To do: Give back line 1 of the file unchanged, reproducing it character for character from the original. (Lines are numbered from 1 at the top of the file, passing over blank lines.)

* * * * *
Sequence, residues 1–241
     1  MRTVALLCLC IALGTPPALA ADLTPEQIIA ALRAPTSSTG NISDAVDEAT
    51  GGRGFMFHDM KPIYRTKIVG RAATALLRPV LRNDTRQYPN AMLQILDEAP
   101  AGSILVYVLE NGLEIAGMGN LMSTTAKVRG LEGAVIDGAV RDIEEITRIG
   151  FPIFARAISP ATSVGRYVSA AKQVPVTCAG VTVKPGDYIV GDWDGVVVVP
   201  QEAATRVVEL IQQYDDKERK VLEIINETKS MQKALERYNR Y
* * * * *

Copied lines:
Sequence, residues 1–241